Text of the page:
Interactive artwork on Quay Street opens to the public

7:40 pm on 22 July 2021

Auckland's downtown waterfront has been gifted a new installment woven in to the landscape of the popular seaside walkway - carrying an important message about the health of the city's surrounding waters.

Mayor Phil Goff and Cnr Pippa Coom with artist Tessa Harris and her mokopuna.

Mayor Phil Goff and Cnr Pippa Coom with artist Tessa Harris and her mokopuna. Photo: Supplied

The unique and interactive piece laid down at Te Wānanga on Quay Street is a modern take on traditional raranga.

Sprawled above a purpose-built hole in the walkway the emerald, green safety webbing has been woven to form a net for passerby. Children can lie in and cloud watch while letting the cooling breeze and smell of salty sea spray surround them.

The harakeke art has been fittingly named 'Kōrimurimu' meaning to be covered in seaweed. The piece is a depiction of the depletion of seaweed in the Tāmaki area.

For artist and weaver Tessa Harris (Ngāi Tai ki Tāmaki) the experience of creating an innovative and technical take on a traditional craft was special.

She is both a weaver and stone carver - picking up weaving 20 years ago.

"It was named by mana whenua of Ngāi Tai ki Tāmaki and Ngāti Whanaunga, they gifted the name because when they saw it, they thought it reminded them of rimurimu."

"It was a long process, we started off as a kupenga, a net and from there we developed it into an actual woven piece" she said.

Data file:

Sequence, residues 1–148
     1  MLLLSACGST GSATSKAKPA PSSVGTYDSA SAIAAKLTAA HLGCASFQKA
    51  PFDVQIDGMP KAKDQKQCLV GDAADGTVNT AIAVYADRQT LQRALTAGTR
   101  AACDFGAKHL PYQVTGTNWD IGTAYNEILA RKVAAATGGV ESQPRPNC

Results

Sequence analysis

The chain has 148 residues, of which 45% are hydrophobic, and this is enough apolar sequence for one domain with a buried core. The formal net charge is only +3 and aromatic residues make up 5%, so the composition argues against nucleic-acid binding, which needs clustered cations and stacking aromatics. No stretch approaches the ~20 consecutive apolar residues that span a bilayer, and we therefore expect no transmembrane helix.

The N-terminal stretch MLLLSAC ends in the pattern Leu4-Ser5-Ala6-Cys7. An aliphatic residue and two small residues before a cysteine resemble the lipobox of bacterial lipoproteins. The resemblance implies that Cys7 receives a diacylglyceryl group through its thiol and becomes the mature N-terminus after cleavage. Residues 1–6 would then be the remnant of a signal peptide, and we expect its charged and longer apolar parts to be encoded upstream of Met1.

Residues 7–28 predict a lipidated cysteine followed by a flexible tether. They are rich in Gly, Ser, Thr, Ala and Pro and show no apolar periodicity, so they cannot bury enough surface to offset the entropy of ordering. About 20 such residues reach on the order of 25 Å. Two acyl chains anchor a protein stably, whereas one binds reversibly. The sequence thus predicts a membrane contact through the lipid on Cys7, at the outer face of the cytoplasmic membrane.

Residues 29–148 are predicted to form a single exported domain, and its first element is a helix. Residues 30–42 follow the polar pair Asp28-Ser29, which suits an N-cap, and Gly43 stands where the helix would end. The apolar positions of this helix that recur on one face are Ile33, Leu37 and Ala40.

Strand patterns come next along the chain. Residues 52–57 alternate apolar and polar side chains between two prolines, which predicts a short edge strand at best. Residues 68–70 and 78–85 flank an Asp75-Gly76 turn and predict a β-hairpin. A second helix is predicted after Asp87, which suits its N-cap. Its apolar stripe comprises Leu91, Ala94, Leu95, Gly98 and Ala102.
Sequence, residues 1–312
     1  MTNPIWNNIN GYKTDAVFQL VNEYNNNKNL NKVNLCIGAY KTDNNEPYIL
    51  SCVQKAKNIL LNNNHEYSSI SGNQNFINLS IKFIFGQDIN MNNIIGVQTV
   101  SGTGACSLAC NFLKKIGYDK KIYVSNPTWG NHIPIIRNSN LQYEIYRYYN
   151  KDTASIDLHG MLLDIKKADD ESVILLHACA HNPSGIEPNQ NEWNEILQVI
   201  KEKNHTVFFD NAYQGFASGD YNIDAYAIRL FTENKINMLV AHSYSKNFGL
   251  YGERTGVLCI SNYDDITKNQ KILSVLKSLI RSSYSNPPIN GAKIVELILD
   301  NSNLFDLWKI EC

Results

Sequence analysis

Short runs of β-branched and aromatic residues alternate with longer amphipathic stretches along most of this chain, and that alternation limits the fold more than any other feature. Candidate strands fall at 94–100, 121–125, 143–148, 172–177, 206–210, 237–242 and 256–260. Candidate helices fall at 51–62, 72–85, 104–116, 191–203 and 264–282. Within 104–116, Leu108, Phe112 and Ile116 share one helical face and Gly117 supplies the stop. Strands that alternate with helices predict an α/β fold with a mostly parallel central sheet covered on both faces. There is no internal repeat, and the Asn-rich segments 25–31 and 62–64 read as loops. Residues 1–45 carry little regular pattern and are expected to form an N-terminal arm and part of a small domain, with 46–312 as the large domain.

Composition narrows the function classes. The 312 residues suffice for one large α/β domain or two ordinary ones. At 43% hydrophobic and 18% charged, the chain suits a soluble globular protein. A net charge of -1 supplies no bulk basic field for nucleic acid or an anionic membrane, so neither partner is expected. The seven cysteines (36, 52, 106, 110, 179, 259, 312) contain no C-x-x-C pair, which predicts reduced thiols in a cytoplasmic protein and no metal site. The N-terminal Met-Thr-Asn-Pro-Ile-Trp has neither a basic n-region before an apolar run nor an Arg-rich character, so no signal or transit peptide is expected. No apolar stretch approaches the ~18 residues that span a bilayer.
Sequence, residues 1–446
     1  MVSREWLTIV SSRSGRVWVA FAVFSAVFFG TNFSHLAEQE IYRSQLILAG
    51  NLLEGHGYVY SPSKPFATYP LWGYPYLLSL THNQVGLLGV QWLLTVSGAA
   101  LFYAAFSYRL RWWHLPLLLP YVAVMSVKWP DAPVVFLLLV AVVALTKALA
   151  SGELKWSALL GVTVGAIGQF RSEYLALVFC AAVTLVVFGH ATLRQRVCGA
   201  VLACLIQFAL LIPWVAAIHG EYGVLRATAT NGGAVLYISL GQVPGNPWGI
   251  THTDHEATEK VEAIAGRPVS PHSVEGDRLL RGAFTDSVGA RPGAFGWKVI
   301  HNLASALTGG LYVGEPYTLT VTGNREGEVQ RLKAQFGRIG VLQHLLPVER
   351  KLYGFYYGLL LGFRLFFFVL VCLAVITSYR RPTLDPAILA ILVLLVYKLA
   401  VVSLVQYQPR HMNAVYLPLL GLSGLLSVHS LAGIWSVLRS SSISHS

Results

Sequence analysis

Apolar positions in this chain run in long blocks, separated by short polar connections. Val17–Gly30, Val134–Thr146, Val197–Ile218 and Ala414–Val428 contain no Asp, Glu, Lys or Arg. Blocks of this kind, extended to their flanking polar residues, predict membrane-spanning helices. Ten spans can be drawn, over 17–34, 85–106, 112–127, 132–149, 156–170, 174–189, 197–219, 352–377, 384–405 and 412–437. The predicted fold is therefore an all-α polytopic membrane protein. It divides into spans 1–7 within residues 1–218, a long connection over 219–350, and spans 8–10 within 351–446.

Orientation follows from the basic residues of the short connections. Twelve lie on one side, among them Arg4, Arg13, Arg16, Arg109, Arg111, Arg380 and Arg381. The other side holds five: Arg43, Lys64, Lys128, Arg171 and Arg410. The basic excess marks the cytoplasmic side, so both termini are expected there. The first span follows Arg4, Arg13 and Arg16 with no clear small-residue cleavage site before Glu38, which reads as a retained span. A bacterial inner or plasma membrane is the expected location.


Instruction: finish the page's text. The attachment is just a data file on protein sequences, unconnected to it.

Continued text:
At the unveiling of the artwork this week, Auckland Mayor Phil Goff took a step onto the woven net to try it out for himself.

He said it was fantastic to bring an installation like Kōrimurimu into a public space where the land meets the sea.

"Fortunately, the webbing made by the army, which is incredibly strong so therefore very safe, is the same color as seaweed"

"You can lie on that, and you can hear the waves beneath you, you can look up at the blue sky." he said.

Goff said the council was seeking something that reflected the culture and heritage of te ao Māori as well as a modern work of art.

For Harris, as mana whenua, collaborating with the council and architects on the piece was fruitful.

She hopes the public enjoys interacting with Kōrimurimu and with her art which she was proud of.

"It's an amazing project to be apart, collaborating with architects and having mana whenua tell their stories of this area, so it's a huge honour to be a part of this."

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